By Ashley Samelson McGuire
Wednesday President Obama raised eyebrows in the human rights world when he bestowed lavish praise on Indonesia‘s human rights record, particularly with regards to free speech and religious freedom. Specifically the President gave kudos to the most populous Muslim country in the world for the “spirit of tolerance that is written into your constitution, symbolized in your mosques and churches and temples, and embodied in your people.”
Yet just seven months ago, Indonesia’s highest court issued a landmark ruling widely considered to be a major setback to speech and religious rights. The Constitutional Court upheld the constitutionality of Indonesia’s Blasphemy Act, which criminalizes speech or acts considered offensive to government approved religions as well as “deviations from teachings of religion considered fundamental by scholars of the relevant religion.”
Even if we start where the president starts, with the constitution, we run headfirst into serious concerns about the breadth of liberty the document outlines. The preamble states that, “the national independence of Indonesia shall be formulated into a constitution of the sovereign Republic of Indonesia which is based on the belief in the “one and only God.” While varying interpretations of this provision abound, it raises immediate implications for polytheists or atheists. The provision is further complicated by the fact that the Indonesian government only recognizes six religions: Islam, Protestant Christianity, Catholicism, Hinduism, Buddhism, and Confucianism.
Considering that a stated purpose of the Blasphemy Act is to “channel… religiosity” toward these six religions, “tolerance” by Indonesian standards starts to look rather anemic.
The Blasphemy Act provides for both civil and criminal penalties for those who insult approved religions and those who attempt to persuade others to adhere to unofficial religions. This translates into a de facto ban on proselytizing that lends itself to overly broad and arbitrary interpretations by local governments. For example, in September 2005, three Christian women were sentenced to three years imprisonment for conducting a Christian youth program, even though the Muslim children in the program had parental permission to attend, and none of the children had converted to Christianity.
Interestingly however, the Act is used largely as a tool for favored or mainstream religions to clamp down on derivates from those religions. For example, the police arrested the leader of the Sion City of Allah Christian sect and six of his followers for straying from “correct Christian teachings” because the sect is based on only one book of the Bible (the Book of Jeremiah).
In 2008 the government issued a joint decree outlawing the Ahmadiyya, an Islamic religious movement founded in the late 19th Century that believes that Mohammed was not the last prophet of Islam. The decree ordered, “as long as they [Ahmadiyya] consider themselves to hold to Islam, to discontinue the promulgation of interpretations and activities that are deviant from the principal teachings of Islam.”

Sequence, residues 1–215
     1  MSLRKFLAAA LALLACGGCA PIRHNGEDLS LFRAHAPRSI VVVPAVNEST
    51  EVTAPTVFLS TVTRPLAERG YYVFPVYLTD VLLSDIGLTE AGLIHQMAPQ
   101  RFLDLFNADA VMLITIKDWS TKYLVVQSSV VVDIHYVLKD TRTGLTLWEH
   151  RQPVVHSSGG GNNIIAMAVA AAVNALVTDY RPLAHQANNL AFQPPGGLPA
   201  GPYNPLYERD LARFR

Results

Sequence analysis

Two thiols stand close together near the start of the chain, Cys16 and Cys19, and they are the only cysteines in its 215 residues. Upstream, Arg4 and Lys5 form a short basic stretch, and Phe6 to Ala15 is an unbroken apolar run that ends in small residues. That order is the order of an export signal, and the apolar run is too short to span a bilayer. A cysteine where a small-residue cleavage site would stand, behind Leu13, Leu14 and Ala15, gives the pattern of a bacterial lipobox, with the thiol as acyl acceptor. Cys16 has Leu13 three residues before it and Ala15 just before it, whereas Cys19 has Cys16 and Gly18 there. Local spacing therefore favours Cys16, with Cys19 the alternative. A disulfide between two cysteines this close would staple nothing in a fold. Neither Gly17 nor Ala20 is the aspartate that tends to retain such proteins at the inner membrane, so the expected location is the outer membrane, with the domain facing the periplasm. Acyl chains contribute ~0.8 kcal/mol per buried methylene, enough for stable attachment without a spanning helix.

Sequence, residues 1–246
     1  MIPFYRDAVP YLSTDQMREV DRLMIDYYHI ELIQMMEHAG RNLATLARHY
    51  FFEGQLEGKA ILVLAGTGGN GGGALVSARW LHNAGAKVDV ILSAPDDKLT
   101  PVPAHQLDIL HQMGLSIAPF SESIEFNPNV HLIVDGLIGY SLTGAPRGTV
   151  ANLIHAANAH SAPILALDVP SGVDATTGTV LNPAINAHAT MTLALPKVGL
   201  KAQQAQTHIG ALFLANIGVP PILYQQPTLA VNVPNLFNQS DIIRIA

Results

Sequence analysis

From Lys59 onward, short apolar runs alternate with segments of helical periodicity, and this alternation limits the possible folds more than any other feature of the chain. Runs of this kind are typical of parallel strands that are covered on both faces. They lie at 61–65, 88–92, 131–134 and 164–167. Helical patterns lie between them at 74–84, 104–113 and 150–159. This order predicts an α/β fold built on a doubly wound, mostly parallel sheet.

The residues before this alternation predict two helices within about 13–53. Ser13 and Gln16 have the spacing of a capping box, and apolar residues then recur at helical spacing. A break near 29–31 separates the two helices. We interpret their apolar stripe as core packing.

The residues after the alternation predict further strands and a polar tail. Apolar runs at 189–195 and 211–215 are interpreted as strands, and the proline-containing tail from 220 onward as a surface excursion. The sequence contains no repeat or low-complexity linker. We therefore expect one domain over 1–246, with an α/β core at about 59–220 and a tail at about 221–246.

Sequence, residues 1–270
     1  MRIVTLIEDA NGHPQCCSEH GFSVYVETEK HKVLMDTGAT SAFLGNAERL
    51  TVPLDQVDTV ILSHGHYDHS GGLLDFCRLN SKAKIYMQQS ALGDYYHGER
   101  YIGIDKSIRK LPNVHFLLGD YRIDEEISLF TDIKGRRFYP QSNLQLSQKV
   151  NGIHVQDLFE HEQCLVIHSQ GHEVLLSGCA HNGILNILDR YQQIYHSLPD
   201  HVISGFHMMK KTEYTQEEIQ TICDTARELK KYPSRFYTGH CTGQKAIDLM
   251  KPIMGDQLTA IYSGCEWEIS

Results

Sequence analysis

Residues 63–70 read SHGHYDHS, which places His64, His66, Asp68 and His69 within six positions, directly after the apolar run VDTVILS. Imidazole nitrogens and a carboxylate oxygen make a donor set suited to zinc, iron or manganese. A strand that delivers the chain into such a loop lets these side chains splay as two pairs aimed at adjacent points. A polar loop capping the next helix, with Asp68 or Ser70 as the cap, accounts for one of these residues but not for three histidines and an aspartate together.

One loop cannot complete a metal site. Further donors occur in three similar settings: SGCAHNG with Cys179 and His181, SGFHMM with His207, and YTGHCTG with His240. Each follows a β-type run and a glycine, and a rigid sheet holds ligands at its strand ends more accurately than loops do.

Perhaps the strangest implementation of the Blasphemy Act was to imprison Sumardi Tappaya, a Muslim and a high school religion teacher, for six months for “deviancy” after a relative accused him of whistling during prayers.
The great irony in President Obama’s choice of “tolerant” to describe Indonesia lies in the fact that he is visiting just months after its highest court upheld a law that essentially sanctions intolerance and places the government in the role of arbiter and judge in private matters of conscience, a law that has seen more than 150 individuals detained or arrested in recent years.
Perhaps of even greater concern is the underlying assumption in the president’s praise: namely that tolerance is enough, or even the right word when speaking of religious freedom. “Tolerance” implies that the thing being “tolerated” is a negative force to be kept at bay. It is this very philosophy actually, that underpins the concept of a blasphemy law. In theory, a blasphemy law keeps everyone from offending each other, and ultimately from harming each other. In reality, it dismantles the core of religion (as truth claims will inevitably conflict), and hoists majority religions into positions of power over minority or disfavored religions.
Just as the president has come under fire for replacing the broad principle of freedom of religion with the far-narrower “freedom of worship,” he should be scrutinized for supplanting religious freedom with religious tolerance.
In both instances he truncates the rights he claims to praise, in a diplomatic environment where his words can easily be interpreted as a license to limit freedom.
Above all, the president’s remarks Wednesday were a missed opportunity to remind Indonesia of its international commitments to ensuring religious freedom for all faiths, not just the six it likes, and to remind the world that America does not condone policies that restrict fundamental human rights in favor of hurt feelings.
Ashley Samelson McGuire works in International Programs for the Becket Fund for Religious Liberty. She writes about her personal views on faith, feminism, and politics at www.rogueinrouge.com.